[Ndn-interest] Repo-ng freshness period

Marc.Mosko at parc.com Marc.Mosko at parc.com
Mon Dec 12 16:42:06 PST 2016


If you expect to put a FreshnessSeconds in a certificate Data object that corresponds to the certificate’s validity period, I do not think you will get the behavior you want from NDN.  The FreshnessPeriod is the relative time (in seconds) from when a ContentStore receives a Data Object to when it will consider it stale.  This process is repeated at each hop.

If you are putting a 10 second FreshnessSeconds in a certificate Data object to force nodes to “phone home” to the repo every 10 seconds, you will not always get that either, because the 10 seconds is reset at each hop.  Each hop along A -> B -> C -> … fetches the certificate after 9 seconds, it will always be considered fresh for every hop and could thus live as fresh in the network for a long time.

Usually getting the most recent data object is controlled by using a version (timestamp or sequence number) in the Data object’s name, then using selectors to get the right-most child (which due to caching may need to be repeated).

Here’s an example:

As an example, let’s assume it’s January 1 at 00:00:00 and your certificate expires at January 11 00:00:00 (864,000 seconds).  So, node A publishes the certificate with a FreshnessSeconds of 864,000.  It is then retrieved as follows:

A -> 1 hour -> B -> 5 days -> C

Node B will receive the certificate at January 1 01:00:00 (3600 seconds), so node B will consider it fresh until 864,000 + 3,600 = 867,600 seconds (January 11 01:00:00).

Node C will receive the certificate after a delay of 3,600 + 432,000 = 435,600 seconds, so node C will consider it fresh until 1,299,600 seconds after node A published it (January 15 01:00:00).

You could take a look at what NDN did in one of the recent NDNfit security papers, where they encoded the validity periods as part of the key’s name (I don’t remember the paper title right now), but it was something like NDN for constrained environments.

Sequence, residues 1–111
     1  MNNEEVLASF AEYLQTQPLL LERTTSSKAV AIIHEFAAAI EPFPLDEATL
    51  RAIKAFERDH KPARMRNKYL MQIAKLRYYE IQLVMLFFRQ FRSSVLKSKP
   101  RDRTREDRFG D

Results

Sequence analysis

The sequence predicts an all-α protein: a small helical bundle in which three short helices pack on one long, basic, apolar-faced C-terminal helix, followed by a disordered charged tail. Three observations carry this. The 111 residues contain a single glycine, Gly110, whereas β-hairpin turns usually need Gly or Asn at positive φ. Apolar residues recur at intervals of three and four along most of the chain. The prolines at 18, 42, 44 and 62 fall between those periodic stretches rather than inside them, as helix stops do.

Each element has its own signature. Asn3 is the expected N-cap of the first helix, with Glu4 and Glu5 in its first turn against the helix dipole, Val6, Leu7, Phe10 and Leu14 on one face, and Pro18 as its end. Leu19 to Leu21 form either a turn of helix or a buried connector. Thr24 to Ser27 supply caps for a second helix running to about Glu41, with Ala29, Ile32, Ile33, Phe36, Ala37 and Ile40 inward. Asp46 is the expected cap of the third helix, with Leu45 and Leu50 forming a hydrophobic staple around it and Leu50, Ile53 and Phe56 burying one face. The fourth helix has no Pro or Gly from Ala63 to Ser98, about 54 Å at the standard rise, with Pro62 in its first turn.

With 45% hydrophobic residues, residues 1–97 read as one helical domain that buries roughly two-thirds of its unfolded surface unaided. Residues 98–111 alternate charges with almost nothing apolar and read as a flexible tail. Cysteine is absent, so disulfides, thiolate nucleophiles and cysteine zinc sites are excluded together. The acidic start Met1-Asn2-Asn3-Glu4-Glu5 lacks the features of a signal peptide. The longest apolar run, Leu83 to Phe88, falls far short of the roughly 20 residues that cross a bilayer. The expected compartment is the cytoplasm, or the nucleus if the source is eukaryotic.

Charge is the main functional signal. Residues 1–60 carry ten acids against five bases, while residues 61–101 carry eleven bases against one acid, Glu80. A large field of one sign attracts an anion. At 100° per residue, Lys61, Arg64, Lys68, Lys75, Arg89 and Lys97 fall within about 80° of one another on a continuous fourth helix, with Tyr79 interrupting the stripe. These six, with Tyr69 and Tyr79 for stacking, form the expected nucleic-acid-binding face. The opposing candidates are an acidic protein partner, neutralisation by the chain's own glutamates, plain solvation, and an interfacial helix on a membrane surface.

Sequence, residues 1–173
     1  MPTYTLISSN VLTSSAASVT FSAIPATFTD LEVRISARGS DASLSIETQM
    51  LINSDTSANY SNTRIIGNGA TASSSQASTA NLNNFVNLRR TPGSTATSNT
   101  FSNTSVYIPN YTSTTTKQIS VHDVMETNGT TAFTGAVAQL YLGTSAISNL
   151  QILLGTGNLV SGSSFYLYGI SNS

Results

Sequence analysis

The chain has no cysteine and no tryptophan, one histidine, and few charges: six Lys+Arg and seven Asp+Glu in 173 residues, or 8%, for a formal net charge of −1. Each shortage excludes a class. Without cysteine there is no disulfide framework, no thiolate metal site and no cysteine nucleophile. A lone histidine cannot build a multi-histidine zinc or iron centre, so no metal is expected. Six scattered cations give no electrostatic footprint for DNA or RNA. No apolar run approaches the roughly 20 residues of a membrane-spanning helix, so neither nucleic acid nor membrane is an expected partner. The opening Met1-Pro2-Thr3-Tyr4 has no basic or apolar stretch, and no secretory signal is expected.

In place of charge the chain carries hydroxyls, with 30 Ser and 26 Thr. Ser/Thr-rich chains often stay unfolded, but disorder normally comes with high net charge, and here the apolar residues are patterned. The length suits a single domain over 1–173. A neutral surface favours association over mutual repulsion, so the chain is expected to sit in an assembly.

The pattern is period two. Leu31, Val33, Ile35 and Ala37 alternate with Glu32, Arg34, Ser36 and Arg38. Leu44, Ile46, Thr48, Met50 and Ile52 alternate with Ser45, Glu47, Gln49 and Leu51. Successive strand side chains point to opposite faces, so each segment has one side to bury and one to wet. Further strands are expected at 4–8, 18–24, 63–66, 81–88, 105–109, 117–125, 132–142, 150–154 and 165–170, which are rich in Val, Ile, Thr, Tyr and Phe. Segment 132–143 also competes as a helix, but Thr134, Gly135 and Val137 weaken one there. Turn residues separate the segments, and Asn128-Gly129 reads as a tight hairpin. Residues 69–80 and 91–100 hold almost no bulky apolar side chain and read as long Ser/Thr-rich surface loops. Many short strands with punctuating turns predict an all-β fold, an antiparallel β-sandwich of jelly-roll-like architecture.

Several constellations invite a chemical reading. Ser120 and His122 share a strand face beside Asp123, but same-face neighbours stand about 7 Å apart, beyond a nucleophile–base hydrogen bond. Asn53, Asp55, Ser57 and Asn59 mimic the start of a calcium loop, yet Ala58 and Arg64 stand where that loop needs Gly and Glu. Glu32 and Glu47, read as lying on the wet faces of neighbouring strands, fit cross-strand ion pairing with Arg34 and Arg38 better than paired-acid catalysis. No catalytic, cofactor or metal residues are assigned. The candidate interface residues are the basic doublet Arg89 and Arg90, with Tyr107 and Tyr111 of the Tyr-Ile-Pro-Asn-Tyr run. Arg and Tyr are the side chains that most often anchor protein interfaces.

On Dec 12, 2016, at 2:53 PM, Matteo Bertolino <Matteo.Bertolino at eurecom.fr<mailto:Matteo.Bertolino at eurecom.fr>> wrote:

Dear Junxiao,
I understand (finally) what you mean.
Since I generate the certificates with ndnsec, is there a method to obtain that?

Thanks a lot,
Bests, Matteo

Quoting Junxiao Shi <shijunxiao at email.arizona.edu<mailto:shijunxiao at email.arizona.edu>>:

Hi Matteo

You should change the program that generates and signs the certificate to
add FreshnessPeriod, not repo-ng.
If you patch repo-ng to update the certificate, it would not be valid
anymore because the FreshnessPeriod is protected by the signature.

Yours, Junxiao

On Mon, Dec 12, 2016 at 3:27 PM, Matteo Bertolino <
Matteo.Bertolino at eurecom.fr<mailto:Matteo.Bertolino at eurecom.fr>> wrote:

Supposing that I would like to use repo-ng to store and to distribute the
certificates. I can publish a certificate, for example, writing:
base64 -d cert.ndncert | nc localhost 7376 in the very basic case.

Now, client express an interest in order to retrieve cert.ndncert.
I imagine, seeing the code, that repo-ng take the data and put the data in
the face in order to satisfy the interest. Exactly like any other
I would like to avoid that another node , that desire FRESH content,
retrieve that certificate after 10 seconds on an intermediate cache. The
request should arrive to repo-ng, instead of intermediate node.

The solution you proposed is not enough for this purpose. Are you sure
that I cannot obtain this behaviour? It seems quite strange, probably I
don't explained very well what I wish.

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